HVAC Considerations from Design to Post-Construction
During the design and construction phase, project phasing will also need to be finalized while keeping an eye on time and budget. When an organization moves into a new space, establishing a date and condition of the turnover is crucial. Determining what is expected of the existing owner and establishing the required lead-time for new equipment installation upfront will help maintain project expectations. There are great economies of scale to be gained by utilizing off-site pre-fabrication. Each system will demand different installation and testing conditions.
In a building that the owner already occupies, different questions will arise. Will the building remain in use throughout construction? Which
spaces will be occupied or vacant? Designers can create a construction sequence that specifies which areas of the building will need to be shut off or emptied while others can be populated. Phasing is especially crucial for in-place retrofits as “swing spaces” and employee environments must be considered. The construction phase will be highly effective and efficient when this schedule is agreed upon across disciplines.
Additionally, the building owner must have a contingency plan in place to accommodate the unexpected during the construction phase and should insist on proper shop drawings, as-builts and other documentation.
To make the design and construction phase go smoothly, building owners should always require shop drawings to be coordinated across disciplines. Too often eliminated in an effort to speed up the project and save cash, the lack of shop drawings can result in change orders and a failure to properly sequence installation, which is sure to push the schedule back and demand more capital.
It is beneficial to involve the proper authorities having jurisdiction early on in the project's design phase. Doing so will help uncover potential issues that the design team had not anticipated as part of the retrofit scope, keeping the project on time and on budget.
The design phase is also the time to carefully consider sole sources or open bids for major components of the system. While open bidding may lead to better competition, sole sourcing may provide lowest life-cycle cost but a higher initial cost.
Now is also the time to have the engineer or commissioning agent troubleshoot through the building automation system interface as new systems are being installed in order to maintain a tight schedule.
Along with proper documentation of as-built conditions, the main focus of the post-construction phase is testing and commissioning. Often performed by a third party, commissioning can provide the owner a significant value if properly planned and executed. Again, understanding the owner's program requirements in post-construction will help determine the commissioning scope.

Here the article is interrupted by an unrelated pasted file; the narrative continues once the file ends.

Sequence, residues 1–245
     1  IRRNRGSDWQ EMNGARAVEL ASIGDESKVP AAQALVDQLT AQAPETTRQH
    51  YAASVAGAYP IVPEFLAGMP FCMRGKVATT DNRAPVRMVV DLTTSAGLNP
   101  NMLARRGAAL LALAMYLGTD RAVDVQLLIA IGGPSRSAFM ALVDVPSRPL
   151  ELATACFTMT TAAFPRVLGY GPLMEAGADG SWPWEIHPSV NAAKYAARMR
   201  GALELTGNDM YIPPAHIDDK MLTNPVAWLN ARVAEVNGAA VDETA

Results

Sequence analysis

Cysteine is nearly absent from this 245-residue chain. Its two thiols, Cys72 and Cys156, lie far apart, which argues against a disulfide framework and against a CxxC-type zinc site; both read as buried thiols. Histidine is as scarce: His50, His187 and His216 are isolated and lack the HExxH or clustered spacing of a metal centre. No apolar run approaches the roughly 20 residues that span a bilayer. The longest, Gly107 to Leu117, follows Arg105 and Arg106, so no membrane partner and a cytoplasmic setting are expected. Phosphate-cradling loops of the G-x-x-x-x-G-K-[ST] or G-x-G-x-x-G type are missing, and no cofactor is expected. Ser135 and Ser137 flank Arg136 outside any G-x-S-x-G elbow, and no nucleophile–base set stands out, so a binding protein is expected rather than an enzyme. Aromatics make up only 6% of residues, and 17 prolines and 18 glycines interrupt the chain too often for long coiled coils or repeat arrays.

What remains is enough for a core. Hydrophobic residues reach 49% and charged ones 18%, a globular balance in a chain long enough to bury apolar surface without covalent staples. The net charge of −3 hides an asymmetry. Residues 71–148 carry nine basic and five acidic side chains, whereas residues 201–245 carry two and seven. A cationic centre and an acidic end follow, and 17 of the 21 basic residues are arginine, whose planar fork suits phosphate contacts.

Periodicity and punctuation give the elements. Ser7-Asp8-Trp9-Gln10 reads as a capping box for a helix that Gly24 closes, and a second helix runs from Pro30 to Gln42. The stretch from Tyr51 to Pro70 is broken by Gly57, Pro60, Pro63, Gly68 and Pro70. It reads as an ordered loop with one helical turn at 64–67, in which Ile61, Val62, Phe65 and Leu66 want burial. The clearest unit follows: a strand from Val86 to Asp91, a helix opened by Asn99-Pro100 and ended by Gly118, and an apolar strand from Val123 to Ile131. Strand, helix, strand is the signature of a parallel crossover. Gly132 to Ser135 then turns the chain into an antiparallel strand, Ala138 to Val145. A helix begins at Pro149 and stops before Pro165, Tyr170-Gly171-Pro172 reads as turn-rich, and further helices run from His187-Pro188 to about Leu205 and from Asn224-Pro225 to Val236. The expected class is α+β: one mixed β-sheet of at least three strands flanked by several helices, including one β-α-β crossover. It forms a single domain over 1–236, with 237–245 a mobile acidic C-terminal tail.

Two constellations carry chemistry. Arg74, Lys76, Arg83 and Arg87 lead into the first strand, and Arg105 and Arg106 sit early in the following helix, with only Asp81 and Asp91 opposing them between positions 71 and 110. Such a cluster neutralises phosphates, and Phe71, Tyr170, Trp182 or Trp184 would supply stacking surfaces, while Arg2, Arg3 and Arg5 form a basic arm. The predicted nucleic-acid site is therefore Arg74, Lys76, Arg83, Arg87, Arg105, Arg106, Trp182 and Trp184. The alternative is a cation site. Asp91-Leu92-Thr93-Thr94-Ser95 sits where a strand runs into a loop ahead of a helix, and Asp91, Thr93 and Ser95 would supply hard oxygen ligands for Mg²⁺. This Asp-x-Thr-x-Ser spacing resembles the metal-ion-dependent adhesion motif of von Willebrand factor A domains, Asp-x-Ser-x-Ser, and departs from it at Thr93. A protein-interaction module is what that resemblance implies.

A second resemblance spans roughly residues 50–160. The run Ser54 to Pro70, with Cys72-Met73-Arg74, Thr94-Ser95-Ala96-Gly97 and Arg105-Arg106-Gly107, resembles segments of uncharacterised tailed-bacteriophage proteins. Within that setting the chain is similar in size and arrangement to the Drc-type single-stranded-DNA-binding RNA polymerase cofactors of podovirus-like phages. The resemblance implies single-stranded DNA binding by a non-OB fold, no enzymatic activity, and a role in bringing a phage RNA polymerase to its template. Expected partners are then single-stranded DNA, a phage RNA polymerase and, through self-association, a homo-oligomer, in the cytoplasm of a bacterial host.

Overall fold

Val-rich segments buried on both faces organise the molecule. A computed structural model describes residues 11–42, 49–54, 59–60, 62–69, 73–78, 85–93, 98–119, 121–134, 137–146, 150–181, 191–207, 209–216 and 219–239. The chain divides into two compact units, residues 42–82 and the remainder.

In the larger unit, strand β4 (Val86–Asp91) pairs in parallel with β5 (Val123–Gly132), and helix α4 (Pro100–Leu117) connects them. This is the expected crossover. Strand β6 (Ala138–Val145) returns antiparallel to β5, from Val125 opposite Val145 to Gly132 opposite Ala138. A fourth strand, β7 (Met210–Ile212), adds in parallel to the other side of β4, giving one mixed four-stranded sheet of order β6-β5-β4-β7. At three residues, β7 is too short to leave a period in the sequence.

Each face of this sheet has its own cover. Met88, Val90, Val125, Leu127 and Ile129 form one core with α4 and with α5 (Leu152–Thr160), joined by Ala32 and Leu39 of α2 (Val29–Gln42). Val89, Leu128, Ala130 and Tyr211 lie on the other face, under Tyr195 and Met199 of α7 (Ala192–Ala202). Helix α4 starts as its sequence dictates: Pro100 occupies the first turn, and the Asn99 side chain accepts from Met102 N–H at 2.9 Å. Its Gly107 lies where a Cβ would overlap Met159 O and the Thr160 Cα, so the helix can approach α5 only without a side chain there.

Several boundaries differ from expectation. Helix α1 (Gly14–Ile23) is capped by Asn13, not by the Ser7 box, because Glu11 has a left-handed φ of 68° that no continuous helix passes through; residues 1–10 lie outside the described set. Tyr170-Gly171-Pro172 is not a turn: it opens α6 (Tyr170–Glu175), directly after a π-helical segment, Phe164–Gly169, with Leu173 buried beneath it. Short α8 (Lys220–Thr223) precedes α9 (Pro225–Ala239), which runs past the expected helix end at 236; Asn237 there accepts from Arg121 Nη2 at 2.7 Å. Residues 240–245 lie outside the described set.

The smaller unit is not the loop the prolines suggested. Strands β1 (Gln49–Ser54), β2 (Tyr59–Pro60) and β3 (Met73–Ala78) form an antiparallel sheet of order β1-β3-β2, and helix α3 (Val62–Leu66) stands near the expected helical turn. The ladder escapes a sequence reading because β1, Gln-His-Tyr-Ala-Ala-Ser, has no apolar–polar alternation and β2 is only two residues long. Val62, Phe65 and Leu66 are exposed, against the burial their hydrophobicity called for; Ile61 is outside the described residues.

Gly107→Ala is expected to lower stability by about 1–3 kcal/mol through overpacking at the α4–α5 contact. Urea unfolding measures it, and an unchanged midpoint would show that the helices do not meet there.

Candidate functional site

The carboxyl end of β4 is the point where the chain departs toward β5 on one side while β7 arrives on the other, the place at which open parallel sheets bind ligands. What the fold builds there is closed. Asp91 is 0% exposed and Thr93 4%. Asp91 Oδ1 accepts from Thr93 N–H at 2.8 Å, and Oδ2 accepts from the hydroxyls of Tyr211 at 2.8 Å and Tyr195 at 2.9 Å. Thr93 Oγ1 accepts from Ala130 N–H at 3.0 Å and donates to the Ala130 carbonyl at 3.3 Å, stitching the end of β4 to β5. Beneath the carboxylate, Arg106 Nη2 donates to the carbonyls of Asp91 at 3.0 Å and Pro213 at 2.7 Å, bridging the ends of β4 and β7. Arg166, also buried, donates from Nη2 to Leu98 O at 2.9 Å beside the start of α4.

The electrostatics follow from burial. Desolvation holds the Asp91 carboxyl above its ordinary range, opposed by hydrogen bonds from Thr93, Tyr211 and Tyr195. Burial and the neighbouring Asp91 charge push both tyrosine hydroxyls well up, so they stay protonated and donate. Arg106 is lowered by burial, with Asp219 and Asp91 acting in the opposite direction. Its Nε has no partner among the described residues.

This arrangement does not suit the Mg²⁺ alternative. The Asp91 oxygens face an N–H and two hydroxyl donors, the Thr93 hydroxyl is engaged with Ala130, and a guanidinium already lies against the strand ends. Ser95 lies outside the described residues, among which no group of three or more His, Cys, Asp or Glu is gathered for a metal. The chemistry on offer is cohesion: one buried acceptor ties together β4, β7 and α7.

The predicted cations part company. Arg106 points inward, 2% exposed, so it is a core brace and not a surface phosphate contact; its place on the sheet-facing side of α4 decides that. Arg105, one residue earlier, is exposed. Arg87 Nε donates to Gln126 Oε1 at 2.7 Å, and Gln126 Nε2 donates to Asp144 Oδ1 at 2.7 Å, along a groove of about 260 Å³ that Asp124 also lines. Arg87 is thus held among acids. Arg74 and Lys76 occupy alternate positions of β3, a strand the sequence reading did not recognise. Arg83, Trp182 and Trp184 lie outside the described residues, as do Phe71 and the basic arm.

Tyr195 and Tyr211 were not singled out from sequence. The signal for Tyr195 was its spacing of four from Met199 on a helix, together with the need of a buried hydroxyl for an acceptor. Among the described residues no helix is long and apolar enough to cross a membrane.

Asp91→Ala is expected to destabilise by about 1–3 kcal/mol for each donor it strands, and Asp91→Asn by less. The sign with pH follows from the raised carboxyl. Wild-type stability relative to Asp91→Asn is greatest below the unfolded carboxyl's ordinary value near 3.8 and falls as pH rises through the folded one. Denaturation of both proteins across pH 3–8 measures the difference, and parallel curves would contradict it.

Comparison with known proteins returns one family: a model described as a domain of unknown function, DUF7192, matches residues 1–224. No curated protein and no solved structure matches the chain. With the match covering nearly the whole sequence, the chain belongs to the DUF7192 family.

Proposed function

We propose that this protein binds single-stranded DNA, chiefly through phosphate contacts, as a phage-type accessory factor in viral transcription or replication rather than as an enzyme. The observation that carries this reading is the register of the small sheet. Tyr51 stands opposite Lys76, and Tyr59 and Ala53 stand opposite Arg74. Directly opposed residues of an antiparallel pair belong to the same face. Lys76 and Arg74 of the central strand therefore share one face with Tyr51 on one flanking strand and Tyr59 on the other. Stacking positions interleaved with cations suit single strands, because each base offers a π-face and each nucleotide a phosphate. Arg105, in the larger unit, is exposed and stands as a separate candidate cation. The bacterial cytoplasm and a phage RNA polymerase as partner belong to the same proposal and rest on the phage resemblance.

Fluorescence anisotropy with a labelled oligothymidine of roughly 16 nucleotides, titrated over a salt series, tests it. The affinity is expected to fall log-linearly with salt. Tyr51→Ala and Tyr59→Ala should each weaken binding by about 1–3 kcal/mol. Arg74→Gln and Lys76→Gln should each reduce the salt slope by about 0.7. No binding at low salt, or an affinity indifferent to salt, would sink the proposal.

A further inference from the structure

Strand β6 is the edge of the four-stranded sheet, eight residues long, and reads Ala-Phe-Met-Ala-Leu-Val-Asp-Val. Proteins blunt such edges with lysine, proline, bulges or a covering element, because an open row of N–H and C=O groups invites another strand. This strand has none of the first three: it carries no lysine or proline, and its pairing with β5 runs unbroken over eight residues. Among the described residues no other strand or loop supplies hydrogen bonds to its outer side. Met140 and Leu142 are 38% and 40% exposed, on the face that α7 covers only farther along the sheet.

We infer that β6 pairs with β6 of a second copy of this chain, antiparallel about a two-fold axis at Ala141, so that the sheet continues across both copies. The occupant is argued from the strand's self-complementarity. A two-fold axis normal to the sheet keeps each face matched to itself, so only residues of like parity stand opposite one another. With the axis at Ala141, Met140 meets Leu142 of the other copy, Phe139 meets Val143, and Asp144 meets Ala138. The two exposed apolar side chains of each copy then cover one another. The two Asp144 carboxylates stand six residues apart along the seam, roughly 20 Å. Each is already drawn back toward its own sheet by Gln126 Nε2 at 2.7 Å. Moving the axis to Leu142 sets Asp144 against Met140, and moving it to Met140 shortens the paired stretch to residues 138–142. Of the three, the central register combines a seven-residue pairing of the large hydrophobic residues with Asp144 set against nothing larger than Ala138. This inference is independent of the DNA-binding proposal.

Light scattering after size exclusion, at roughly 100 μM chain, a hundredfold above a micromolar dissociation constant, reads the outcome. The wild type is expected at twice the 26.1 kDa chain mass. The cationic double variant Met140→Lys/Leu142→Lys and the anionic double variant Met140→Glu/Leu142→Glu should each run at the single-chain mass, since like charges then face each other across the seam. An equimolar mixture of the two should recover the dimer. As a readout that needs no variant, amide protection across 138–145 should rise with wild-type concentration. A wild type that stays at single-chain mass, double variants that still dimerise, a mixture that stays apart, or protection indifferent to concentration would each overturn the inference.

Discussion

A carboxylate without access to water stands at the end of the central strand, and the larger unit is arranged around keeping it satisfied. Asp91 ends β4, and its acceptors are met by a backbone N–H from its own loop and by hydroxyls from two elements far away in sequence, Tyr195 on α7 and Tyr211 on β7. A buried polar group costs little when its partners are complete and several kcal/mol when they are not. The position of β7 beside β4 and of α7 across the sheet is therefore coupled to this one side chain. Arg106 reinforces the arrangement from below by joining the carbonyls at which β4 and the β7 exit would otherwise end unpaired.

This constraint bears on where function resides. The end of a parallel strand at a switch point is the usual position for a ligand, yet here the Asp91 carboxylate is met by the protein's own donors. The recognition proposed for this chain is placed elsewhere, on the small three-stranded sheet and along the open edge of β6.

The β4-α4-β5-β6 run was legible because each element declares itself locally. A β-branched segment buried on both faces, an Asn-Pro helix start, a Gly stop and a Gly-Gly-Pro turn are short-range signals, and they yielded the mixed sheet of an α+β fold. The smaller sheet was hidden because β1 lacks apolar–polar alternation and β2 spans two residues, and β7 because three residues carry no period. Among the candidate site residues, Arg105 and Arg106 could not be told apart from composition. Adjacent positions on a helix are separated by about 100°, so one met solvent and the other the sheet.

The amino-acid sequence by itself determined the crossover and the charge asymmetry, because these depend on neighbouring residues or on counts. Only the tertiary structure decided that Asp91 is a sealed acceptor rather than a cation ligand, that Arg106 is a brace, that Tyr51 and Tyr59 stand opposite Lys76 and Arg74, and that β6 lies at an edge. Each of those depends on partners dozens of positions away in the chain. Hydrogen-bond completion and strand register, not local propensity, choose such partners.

When LEED is a project goal, the commissioning agent will need to perform LEED fundamental commissioning from the pre-design phase, and a cursory review of the design at the design development stage and at the construction document phase. If LEED enhanced commissioning is pursued, an independent third-party commissioning agent is required and must be hired for the pre-design phase.
Generally, functional testing, a basic commissioning function, will support the preliminary project description document from the pre-design phase. If the preliminary project description states that all rooms need to be 72 F in the winter and 75 F in the summer, the functional testing will confirm this, making sure individual system components are working correctly as part of the holistic system design as intended.
Some tips for success in the post-construction phase:
- Providing written expectations for the commissioning agent, including specific tolerances and expectations for each system, helps the commissioning agent make the best use of time.
- Training equipment operators and maintenance personnel on new HVAC equipment is crucial to the performance of the upgrade. Without knowledge of the design and proper operation of the equipment and systems, an operator can inadvertently take steps that make the system deliver worse results than the system that was replaced.
When designed and implemented correctly, a new HVAC system can provide significant operational efficiency gains. Whether the project involves modernizing a space the owner currently occupies or one into which the owner is moving, the principles remain the same: Strong communication and thorough coordination of the project team will help ensure the project is on time, on budget and on target.
Dave Callan, P.E., LEED AP, senior vice president, is director of the technical operations group at Environmental Systems Design, overseeing the management of the technical staff in the design of high-performance projects.
Andrew Lehrer, PE, LEED AP, senior associate, is a lead mechanical engineer and project manager focusing in the commercial and international markets for the firm.
Michael McDermott, LEED AP, senior associate, is responsible for developing mechanical engineering design solutions in collaboration with project teams at the firm.